ZFNs are the genome-editing reagents used by the genomic medicine company Sangamo, based in Brisbane, California. Chief Technology Officer Ed Rebar explains that Sangamo’s core editing reagent is a ZFN dimer. The typical target site is 36 basepairs. Each ZFN is a chimeric protein of the nuclease domain from the FokI restriction enzyme and an array of zinc-finger DNA-binding domains built by “mixing and matching” from Sangamo’s archive of thousands of two-finger subunits. Strategies for diversifying the ZFN architecture for high targeting capability include attaching the FokI domain to the N- or C-terminus of the zinc-finger array and inserting base-skipping linkers between fingers. With Sangamo’s high-throughput, automated process for generating ZFNs, Rebar says, “Starting from a target gene name, we can generate an initial set of editing reagents within two weeks.”
In a demonstration study, Rebar and colleagues designed ZFNs that introduced indels at 25 of 28 bases in a promoter relevant to studying hemoglobinopathies (3). Despite this precision and the advantage of being smaller than Cas9, ZFNs are not as commonly used as CRISPR-based methods. Sangamo provides ZFNs via industry and academic partnerships but holds the modules, expertise—and patents—for making them.
TALENs attach FokI to arrays of DNA-binding modules, originally from plant pathogens, that each target a single basepair. TALENs are smaller than Cas9, but larger than ZFNs. The modules have high DNA-binding affinity but include repeated sequences that create cloning challenges.
Dan Carlson is chief scientific officer at Recombinetics, a St. Paul, Minnesota–based biotechnology company that uses TALENs and CRISPR to generate animals and cell lines for clinical research models and agriculture. Using these methods, he says, “we can target almost any site in a genome.” With in-house resources, even TALENs take only “a few hundred bucks and about a week” to generate, Carlson adds, so scientists choose the method that is most reproducible, consistent, and specific, based on pilot studies. These initial investments ensure the company is responsible with resources, he says. “It costs too much to sort out problems on the back end.”
Meganucleases, also called homing endonucleases, are smaller than Cas9, despite their name, which refers to recognition sequences that can be up to 40 basepairs in length. Hybrid megaTALs combine the simple assembly of TALENS with the DNA-cleavage specificity of meganucleases. Two biotech companies that use meganuclease-based methods are Bluebird Bio in Cambridge, Massachusetts, and Precision BioSciences in Durham, North Carolina.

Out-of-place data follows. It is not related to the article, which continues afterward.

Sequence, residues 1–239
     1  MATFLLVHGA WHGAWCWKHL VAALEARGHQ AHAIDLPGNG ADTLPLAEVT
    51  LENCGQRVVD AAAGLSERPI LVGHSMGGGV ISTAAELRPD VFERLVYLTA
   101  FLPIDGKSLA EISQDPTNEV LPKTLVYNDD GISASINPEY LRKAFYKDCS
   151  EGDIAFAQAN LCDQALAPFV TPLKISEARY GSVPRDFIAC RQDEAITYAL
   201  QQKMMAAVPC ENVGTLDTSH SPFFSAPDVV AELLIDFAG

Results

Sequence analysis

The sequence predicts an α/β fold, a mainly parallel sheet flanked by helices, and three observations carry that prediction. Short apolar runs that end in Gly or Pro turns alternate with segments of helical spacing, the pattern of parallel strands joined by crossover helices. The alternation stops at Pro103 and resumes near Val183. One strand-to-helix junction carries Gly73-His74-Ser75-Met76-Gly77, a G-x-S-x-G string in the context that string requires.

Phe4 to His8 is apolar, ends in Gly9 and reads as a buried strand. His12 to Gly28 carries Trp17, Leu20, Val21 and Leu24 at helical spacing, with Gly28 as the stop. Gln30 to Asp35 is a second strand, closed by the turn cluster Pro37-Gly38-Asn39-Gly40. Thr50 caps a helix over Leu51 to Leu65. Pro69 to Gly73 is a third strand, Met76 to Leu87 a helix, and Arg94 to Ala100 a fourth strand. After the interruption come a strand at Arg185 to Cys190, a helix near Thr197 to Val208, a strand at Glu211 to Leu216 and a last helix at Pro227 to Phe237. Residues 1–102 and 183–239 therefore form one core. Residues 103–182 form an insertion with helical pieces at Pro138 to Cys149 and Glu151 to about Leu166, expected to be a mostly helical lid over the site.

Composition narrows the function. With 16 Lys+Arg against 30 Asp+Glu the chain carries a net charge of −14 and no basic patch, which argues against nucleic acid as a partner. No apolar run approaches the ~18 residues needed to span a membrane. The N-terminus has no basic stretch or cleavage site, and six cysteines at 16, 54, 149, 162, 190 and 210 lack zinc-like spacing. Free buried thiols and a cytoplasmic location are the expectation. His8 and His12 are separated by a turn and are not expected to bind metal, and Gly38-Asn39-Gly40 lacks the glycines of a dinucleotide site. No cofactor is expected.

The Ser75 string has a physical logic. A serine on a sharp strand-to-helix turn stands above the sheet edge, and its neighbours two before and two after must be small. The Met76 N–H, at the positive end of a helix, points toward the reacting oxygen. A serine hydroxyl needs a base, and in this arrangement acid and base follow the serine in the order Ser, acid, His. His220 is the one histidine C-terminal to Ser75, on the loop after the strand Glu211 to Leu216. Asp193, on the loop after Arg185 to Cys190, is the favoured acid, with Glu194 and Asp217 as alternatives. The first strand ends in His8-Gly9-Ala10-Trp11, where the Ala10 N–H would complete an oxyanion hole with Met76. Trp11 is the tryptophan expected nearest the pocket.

Barry Stoddard, a structural biologist at Fred Hutchinson Cancer Research Center, Seattle, has a panel of 50–60 meganucleases that his lab engineers to recognize specific sequences. “It takes one day to make CRISPR to target a gene,” he says, “and 100 days to make a meganuclease.” Still, Stoddard gets many requests for engineered meganucleases, because their precision is highly valued for applications such as developing therapeutics for which “100 days is nothing.”
To DSB or not to DSB
Relying on HDR for editing risks introducing indels or chromosomal translocations. Even with a precisely targeted nuclease, with HDR, “you’re at the mercy of the cell,” Stoddard observes. For editing without the unpredictability of HDR, he adds, watch for developments in site-specific recombinases (SSRs).
“SSRs do the whole thing,” says Marshall Stark, molecular geneticist at the University of Glasgow in Scotland. “They break and rejoin the DNA with no need for host factors.” Even in cells with low or no HDR, SSRs can integrate exogenous DNA at a targeted site. Under optimal conditions, Stark says, “SSRs can be extremely efficient, with recombination approaching 100% in a few minutes.” SSRs can make switch-like changes such as inverting a DNA segment’s orientation. This makes them valuable for creating electronic circuit–like pathways that control cell behavior for industrial purposes or synthetic biology applications, such as making biocomputers. However, SSRs have complex, rare, 30- to 50-basepair target sites.
Stark names two approaches to adapting SSRs for more widespread genome editing: (1) using directed evolution that selects for new target specificities and (2) making fusion proteins. For example, he and others are attaching SSR-derived recombinase domains to zinc-finger modules that bind specific DNA sequences. The technology is “still at the investigative level,” Stark notes. “If you have a particular target in mind, it’s still a lot of work to make a recombinase for it.”
For genome-editing without DSBs, researchers use Cas9 that is still directed by gRNAs but does not cut DNA or makes only single-stranded nicks. Cas9 variants are fused to transcription activators or repressors, or to enzymes that alter chromatin structure by modifying DNA or DNA-packaging histone proteins to change gene expression. This epigenome editing resembles natural gene regulation, Gersbach says, “without risk of off-target changes to DNA sequences.” The method is a basic research tool for studying epigenetics and has potential therapeutic uses, such as reactivating the silenced gene that causes the intellectual disability Fragile X syndrome (4).